What are the signs of self-harm?
There are many different ways people intentionally harm themselves, such as:
- cutting or burning their skin
- punching or hitting themselves
- poisoning themselves with tablets or liquids, or similar.
Many people who self-harm will try to keep it a secret. For example, if they're cutting themselves, they may cover up their skin. It's often up to close family and friends to notice when somebody is self-harming, and to approach the subject of self-harm with care and understanding.
If you think someone is self-harming, the following are some signs to look out for:
- unexplained cuts or bruises, or cigarette burns on places such as their wrists, arms, thighs or chest
- keeping themselves fully covered, even when it is hot
- having a low mood, being tearful or lacking motivation or interest in doing anything
- talking about themselves in a negative way and saying they want to punish themselves for something
- becoming withdrawn and not speaking to other people
- blaming themselves for any problems or thinking they're not good enough for something
- not wanting to go on and wishing to end it all
- signs they have been pulling out their hair or eyelashes
- signs of misusing alcohol, drugs or medication.
What can I do if someone tells me they are self-harming?
If someone tells you they are self-harming or they want to hurt themselves, remain calm, thank them for telling you and let them know you are there for them. Ask them if they want to tell you what’s going on for them. Be patient – they might not want to open up straight away but letting them know you are ready to listen is a big help.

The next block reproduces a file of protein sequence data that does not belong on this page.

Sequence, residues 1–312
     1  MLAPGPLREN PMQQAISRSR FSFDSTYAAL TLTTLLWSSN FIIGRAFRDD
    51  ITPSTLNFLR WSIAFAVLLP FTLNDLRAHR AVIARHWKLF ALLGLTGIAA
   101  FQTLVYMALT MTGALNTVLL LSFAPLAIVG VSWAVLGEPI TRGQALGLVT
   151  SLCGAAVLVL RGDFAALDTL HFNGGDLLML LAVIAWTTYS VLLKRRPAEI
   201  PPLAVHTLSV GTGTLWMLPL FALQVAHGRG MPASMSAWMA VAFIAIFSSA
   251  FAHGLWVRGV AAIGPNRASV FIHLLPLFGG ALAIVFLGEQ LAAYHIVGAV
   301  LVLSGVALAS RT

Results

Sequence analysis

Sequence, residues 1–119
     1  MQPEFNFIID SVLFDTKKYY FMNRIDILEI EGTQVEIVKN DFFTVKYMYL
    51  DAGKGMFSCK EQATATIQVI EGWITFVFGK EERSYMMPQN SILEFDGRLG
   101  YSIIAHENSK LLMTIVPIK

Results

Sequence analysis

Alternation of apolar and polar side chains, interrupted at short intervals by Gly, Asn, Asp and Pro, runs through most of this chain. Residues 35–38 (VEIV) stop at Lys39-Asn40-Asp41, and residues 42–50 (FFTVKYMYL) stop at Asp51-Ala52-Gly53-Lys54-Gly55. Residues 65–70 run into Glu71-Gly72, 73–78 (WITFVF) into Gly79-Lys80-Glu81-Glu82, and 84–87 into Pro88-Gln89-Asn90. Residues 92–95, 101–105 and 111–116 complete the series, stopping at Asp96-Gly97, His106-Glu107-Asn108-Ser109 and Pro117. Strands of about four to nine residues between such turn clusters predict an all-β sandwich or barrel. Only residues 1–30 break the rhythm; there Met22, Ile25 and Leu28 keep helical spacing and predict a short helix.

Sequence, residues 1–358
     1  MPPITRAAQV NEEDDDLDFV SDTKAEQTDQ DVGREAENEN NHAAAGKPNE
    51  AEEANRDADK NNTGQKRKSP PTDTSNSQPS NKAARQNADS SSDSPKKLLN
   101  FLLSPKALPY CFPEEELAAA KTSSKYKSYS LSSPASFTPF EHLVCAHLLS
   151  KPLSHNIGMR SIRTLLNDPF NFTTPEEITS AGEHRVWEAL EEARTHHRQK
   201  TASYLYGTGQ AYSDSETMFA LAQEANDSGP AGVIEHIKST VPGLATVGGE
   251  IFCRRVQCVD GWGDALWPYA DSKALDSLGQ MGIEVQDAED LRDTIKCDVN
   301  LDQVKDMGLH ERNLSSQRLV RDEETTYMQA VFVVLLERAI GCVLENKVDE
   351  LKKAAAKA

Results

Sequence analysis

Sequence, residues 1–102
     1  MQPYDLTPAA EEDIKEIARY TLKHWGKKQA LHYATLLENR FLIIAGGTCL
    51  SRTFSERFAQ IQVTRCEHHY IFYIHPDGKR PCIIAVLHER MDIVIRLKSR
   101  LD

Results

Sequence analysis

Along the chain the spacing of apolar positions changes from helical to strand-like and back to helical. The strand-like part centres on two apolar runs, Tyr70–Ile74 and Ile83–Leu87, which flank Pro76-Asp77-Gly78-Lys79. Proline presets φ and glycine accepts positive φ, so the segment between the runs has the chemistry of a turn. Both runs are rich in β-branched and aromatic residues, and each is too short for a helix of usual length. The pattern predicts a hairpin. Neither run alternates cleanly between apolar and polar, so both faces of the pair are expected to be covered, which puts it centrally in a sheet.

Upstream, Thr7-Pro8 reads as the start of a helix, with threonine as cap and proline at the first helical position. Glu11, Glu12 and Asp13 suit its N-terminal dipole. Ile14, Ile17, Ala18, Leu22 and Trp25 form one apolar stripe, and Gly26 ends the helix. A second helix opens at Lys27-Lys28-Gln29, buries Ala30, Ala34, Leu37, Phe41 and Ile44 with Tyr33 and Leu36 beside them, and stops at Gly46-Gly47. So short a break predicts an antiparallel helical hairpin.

Let them know that, when they are ready, you can support them to access professional help, like a doctor or psychologist. Go with them if possible.
If you are worried they might be suicidal, ask them. It could save their life. Asking about suicide will not put the thought in their head.
If the person is feeling suicidal, don’t leave them alone. You could ask someone else to be with them when you need to leave or need time out. It is good to call for help so you don’t need to manage the risk alone. Call 1737 or your local crisis team.(external link)
Read more about suicide prevention.
If someone is seriously hurt or has taken any poisonous substances get help immediately. Call emergency services on 111 and ask for an ambulance or take them to the emergency department at your nearest hospital.
How can I support someone who is self-harming?
If someone in your life is self-harming you can offer support in following ways:
- Be prepared to be there, offer support and stay involved. Keep talking to them and don’t avoid asking about the hard things in their life.
- If they don’t want to talk with you, ask other people you both trust to support them – friends, family or whānau members, youth workers or others.
- If they would like you to, help them to make a plan of different ways they could cope when they feel like hurting themselves, or help them to download an app like Calm Harm.
- Let them make their own decisions about reducing or stopping their self-harm. Try not to judge their behaviour, but try to understand why they are self-harming.
- Encourage and support them to do what they enjoy and connect with others.
- Accept them for who they are and let them know you care.
As a support person, know that you can’t do everything, and you don’t need to deal with this by yourself – remember it’s okay to ask for help. Find someone you can talk to, a friend or family member you trust or a counsellor.
If self-harming behaviours escalate in frequency or intensity, or the person has associated thoughts of wanting to die, call 1737 or your local crisis team.(external link)